EU Proposals for water are not yet crystal clear

After decades of inefficiency, European waters are still not healthy. The revision of EU water laws is an opportunity to set up the next decades of work to turn this diagnosis around. Decisionmakers should strengthen the current proposals to ensure clean waters in Europe. 

More than 20 years on from the adoption of the EU water law, Europe’s waters are still not in good health.    

Rivers, lakes, coastal, marine and groundwaters are exposed to a mix of chemicals coming from agriculture, urban wastewater and industry. EU pollution limits to protect biodiversity have been exceeded significantly.  

On 26 October, the Commission published its plan to tackle air and water pollution including proposals for an overhaul of the 30-year-old rules for urban wastewater and updated lists of priority substances for water.  

Positive strides have the potential to address the impact of pollution on the environment and human health, but key aspects that would ensure clean waters in Europe have so far been left unaddressed. 

Raise a glass, but no cocktails 

The lists of substances to be controlled in European waters establish water pollution standards for new and crucial substances, including ‘forever chemicals’ (PFAS), pharmaceuticals and several pesticides. The rules have also been revised for some of the already listed pollutants, although four substances were delisted. Member States must check the presence of the full list of pollutants and make sure the quality standards are observed. In particular, this can become the first time there are EU-wide quality standards for the presence of pharmaceuticals in water.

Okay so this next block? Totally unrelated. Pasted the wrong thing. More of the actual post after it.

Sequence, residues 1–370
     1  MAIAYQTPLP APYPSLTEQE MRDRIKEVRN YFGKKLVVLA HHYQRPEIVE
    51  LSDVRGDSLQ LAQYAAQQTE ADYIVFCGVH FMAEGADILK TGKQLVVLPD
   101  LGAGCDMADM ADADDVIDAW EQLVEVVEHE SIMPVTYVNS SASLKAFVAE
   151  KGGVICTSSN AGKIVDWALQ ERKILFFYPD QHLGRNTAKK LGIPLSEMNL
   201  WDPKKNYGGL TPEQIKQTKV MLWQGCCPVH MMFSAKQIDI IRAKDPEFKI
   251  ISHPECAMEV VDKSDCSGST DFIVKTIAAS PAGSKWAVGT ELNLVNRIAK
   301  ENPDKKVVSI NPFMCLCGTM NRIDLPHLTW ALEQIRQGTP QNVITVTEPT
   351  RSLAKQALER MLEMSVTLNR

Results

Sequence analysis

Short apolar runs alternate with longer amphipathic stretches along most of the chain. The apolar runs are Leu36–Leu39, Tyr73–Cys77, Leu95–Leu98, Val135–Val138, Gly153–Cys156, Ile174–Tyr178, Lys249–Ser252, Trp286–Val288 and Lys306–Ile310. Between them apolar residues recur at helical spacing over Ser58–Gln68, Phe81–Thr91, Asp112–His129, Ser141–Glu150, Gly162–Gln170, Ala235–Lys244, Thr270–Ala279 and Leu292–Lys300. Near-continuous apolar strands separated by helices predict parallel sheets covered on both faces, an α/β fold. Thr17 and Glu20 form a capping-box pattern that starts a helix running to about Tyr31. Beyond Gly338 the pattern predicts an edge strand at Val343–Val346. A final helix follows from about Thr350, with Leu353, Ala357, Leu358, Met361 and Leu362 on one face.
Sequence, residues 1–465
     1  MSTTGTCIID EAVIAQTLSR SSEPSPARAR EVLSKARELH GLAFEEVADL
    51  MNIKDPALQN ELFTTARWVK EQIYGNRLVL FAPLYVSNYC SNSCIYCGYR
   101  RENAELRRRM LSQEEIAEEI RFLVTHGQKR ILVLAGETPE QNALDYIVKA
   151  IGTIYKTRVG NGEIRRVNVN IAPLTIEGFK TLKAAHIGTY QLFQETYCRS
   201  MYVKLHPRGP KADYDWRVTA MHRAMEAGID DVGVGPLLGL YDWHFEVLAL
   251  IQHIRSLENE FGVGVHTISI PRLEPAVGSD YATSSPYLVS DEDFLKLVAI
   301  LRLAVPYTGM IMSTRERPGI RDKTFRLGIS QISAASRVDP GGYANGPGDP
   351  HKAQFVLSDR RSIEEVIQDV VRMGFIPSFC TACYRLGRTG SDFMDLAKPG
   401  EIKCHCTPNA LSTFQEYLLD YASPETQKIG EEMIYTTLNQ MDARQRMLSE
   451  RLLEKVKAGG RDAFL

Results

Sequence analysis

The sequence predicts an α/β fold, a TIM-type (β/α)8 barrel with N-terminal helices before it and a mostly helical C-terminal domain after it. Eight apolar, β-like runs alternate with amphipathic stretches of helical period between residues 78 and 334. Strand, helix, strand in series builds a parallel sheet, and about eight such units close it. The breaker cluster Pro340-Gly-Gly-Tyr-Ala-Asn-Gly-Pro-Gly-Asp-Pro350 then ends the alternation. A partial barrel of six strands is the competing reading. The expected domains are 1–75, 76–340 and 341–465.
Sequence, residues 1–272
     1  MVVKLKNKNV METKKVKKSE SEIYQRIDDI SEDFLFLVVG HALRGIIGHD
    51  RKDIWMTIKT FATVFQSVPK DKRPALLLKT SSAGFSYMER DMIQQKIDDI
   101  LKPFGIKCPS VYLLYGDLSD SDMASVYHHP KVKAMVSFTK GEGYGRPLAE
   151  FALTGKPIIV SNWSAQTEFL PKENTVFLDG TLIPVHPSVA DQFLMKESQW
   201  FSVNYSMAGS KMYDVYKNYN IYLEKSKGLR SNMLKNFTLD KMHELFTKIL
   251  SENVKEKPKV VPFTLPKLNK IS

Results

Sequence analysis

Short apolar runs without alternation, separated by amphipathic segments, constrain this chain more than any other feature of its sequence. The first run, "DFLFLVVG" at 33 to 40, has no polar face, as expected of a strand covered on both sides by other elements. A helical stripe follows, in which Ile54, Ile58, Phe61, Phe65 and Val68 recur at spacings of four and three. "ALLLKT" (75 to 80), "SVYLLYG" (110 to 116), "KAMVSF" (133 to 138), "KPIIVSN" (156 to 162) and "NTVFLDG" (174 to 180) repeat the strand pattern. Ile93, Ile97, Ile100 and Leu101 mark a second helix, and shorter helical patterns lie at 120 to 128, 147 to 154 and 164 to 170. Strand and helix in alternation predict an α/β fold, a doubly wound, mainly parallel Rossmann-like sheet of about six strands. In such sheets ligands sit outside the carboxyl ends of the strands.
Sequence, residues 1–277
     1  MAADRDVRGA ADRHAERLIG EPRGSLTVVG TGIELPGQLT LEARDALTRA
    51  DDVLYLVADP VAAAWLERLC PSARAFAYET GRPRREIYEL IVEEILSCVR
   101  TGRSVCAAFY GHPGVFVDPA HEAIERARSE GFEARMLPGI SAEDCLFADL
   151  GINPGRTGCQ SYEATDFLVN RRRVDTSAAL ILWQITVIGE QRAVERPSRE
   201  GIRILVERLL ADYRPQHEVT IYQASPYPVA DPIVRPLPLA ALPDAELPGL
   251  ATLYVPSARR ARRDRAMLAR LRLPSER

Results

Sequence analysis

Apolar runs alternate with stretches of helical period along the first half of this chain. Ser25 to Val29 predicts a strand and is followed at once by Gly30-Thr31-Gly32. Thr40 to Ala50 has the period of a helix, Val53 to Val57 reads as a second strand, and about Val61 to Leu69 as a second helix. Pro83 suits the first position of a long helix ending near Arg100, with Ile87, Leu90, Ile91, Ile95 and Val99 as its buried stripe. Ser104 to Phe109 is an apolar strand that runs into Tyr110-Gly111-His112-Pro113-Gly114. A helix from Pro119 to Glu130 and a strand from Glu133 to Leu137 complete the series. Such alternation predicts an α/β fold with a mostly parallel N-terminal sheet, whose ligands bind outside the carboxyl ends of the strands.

There is also a significant move towards providing up-to-date information on the status and progress of Europe’s waters. Member States would report monitoring data and status assessments yearly – instead of every six years under the current EU water law. The mechanism to determine if substances are of EU-wide concern has been made mandatory for groundwater, in line with already existing requirements for surface water.  

However, the risk of chemical cocktails remains. A mixture of several substances can cause harm, even if the chemicals in the mix exist at ‘safe’ levels. However, the new proposals do not fully respond to this reality, as substances are still largely addressed as individual pollutants. For a clearer picture of the chemical exposure of Europe’s waters and to enact effective measures, monitoring and reporting needs to reflect the full reality of chemical mixtures. 

Do not remove 

There should be no backtracking on the progress of eliminating dangerous substances from our environment. Squeezed in with the positive efforts, the revision of water quality standards suggests removing the current 20-year EU water law deadline to phase out priority hazardous substances.  

This proposition comes only a few years before the deadline for the elimination of dangerous elements, such as mercury, would kick in. Moreover, Member States are not on track to reach this deadline. Deleting this target would risk decades of work to eliminate unsafe chemicals for human and environmental health protection. Instead of scrapping the current 20-year deadline, decisionmakers should propose stronger action to comply with EU water law.